Where Is The Cast Now?

If you want to talk about stacked casts, look no further than the hollowed halls of Welton Academy in Dead Poets Society.

Released in 1989, the Robin Williams-led drama focused on John Keating’s (Williams) English class at the fictional boarding school, as the boys in his class are inspired through poetry to be emotionally vulnerable and be unique. Scoring 4 Academy Award nominations and receiving critical acclaim, the coming-of-age flick has been an often overlooked entry in many of its cast’s filmography.
However, thanks to everyone accidentally confusing the title of this film with Taylor Swift’s upcoming album, Dead Poets Society is slowly making its way back into pop culture once again, and just in time for its 35th anniversary. While this film was no small role for Williams, many members of its cast have gone on to create mighty careers of their own thanks to their time in the film. 35 years later, here’s where your favorite actors from the film are now in their lives.

Ethan Hawke – Todd Anderson

While Dead Poets Society was not Hawke’s first foray into film, it was the role that made him the household name he is today. Starring as a newcomer to Welton Academy, Hawke’s performance as Todd showed us how strong of a dramatic actor Hawke is, something he still is constantly demonstrating today.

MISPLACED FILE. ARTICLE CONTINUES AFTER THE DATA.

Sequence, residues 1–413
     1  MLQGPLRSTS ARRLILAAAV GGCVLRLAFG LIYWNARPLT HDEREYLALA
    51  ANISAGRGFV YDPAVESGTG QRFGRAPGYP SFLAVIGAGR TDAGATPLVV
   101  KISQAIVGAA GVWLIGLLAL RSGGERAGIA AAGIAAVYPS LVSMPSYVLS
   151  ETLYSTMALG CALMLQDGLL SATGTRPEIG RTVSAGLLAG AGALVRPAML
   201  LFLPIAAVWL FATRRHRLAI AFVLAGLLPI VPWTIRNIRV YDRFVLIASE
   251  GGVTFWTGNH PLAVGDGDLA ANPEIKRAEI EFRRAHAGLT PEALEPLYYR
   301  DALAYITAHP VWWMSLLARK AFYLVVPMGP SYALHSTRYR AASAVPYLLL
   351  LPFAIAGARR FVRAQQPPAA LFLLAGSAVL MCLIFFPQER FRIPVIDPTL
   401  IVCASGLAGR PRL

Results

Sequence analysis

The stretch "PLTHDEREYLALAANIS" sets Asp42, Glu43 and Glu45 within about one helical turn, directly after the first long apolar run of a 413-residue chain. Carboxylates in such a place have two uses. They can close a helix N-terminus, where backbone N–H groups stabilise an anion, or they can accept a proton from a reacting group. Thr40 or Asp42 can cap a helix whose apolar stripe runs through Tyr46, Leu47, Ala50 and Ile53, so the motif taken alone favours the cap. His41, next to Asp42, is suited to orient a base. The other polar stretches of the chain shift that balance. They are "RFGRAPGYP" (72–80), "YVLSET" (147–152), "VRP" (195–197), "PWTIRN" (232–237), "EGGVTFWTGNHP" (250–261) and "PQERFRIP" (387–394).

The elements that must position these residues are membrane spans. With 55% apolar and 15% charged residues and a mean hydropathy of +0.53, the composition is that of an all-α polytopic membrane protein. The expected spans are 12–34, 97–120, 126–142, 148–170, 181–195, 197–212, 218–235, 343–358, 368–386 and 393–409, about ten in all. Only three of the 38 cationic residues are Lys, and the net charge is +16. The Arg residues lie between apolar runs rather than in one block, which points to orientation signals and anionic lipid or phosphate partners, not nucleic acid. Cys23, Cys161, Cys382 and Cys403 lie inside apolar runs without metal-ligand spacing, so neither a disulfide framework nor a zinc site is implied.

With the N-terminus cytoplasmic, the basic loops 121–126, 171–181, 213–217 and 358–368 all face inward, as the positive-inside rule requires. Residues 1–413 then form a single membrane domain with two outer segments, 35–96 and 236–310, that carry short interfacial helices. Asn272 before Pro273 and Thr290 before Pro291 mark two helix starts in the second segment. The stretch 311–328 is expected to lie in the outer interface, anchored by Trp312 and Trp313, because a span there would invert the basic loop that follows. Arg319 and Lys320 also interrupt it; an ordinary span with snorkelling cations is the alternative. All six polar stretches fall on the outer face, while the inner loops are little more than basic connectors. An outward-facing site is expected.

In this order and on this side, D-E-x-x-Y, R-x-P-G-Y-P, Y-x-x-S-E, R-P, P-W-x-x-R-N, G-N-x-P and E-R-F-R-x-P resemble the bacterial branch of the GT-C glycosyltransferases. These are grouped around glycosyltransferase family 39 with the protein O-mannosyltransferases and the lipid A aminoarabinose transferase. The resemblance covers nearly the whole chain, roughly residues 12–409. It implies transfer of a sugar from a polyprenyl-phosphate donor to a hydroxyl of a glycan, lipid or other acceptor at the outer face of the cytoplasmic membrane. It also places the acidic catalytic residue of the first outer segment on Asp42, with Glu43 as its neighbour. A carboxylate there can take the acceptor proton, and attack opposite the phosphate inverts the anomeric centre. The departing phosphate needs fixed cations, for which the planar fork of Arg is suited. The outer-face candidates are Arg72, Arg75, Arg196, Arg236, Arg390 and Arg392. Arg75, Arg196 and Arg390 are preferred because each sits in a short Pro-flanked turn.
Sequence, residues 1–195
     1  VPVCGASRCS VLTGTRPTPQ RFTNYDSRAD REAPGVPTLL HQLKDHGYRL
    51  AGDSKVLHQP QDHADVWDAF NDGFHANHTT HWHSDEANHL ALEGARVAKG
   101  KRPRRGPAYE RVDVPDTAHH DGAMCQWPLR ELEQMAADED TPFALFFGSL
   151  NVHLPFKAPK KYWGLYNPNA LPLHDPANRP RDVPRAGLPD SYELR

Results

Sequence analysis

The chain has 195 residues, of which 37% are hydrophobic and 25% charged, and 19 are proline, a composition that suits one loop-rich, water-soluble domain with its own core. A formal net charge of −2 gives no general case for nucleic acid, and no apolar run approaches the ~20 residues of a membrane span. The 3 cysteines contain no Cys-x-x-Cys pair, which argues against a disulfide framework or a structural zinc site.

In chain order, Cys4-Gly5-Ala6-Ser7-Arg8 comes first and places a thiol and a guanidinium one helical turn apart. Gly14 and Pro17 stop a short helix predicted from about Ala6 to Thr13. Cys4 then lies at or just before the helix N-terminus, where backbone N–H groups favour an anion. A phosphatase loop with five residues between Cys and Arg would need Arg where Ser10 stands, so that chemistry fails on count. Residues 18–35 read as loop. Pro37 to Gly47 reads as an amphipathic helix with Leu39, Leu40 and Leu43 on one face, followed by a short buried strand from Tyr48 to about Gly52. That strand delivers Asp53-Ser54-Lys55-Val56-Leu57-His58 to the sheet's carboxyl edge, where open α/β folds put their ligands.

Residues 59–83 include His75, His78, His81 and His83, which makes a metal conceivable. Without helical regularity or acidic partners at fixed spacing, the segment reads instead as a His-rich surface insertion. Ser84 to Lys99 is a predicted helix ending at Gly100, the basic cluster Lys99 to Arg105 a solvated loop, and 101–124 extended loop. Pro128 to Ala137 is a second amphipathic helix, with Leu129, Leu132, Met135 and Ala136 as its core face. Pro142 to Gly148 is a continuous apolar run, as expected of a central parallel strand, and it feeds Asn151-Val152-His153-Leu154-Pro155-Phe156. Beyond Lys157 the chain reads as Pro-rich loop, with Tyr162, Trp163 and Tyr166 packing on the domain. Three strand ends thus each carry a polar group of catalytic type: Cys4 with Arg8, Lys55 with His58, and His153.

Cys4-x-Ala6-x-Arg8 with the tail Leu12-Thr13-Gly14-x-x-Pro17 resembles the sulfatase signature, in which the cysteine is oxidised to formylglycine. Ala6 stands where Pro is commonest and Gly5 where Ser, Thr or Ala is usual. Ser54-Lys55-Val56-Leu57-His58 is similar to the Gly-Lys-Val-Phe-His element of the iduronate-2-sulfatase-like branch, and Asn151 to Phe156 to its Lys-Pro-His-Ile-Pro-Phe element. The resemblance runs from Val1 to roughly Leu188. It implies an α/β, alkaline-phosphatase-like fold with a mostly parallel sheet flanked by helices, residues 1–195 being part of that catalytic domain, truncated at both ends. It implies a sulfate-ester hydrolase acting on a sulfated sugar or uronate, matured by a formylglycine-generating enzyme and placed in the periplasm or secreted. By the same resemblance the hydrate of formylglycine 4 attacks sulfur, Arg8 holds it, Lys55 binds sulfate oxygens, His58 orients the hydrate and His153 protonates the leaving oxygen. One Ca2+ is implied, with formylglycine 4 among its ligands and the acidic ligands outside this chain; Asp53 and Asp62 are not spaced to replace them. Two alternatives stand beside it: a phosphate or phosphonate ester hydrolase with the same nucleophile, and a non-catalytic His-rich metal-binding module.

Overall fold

Riding that success into the 90s, Hawke went on to star in hits such as Reality Bites, Gattaca and Great Expectations. Arguably Hawke is best known for his collaborations with director Richard Linklater, starring in his Before trilogy of films as well as Boyhood. More recently, Hawke got his evil side on appearing in both The Black Phone and Moon Knight as the antagonist for both projects.

Robert Sean Leonard – Neil Perry

It’s hard to top a role as heartbreaking as Neil’s story in Dead Poets Society, which is why you probably know Leonard better for his TV and theater work post-DPS. After starring in a variety of dramas over the 90s, Leonard’s next big break came as Dr. James Wilson, the “one true friend” of Dr. Gregory House on House. Considering House’s character is based on Sherlock Holmes, Dr. Wilson was often compared as the Watson to House’s Holmes, making him a memorable character throughout the show’s 8 year run.

Since House‘s conclusion in 2012, Leonard has made a few recurring appearances in shows like Falling Skies and The Gilded Age, but also turned to focusing on theater roles. Leonard played Atticus Finch in a production of To Kill a Mockingbird at London’s Regent’s Park Open Air Theatre in 2013, as well as starring in the 2017 Broadway revival of Sunday in the Park with George.

Josh Charles – Knox Overstreet

You can’t beat a start like Charles had in his career. Starring as one of the council members on The Corny Collins Show in Hairspray in his debut role, Charles then went on to play one of Neil’s best friends in Dead Poets Society. Though Charles continued to star in a variety of films over the years, he found larger success on TV, starring in both Sports Night and The Good Wife in large supporting roles.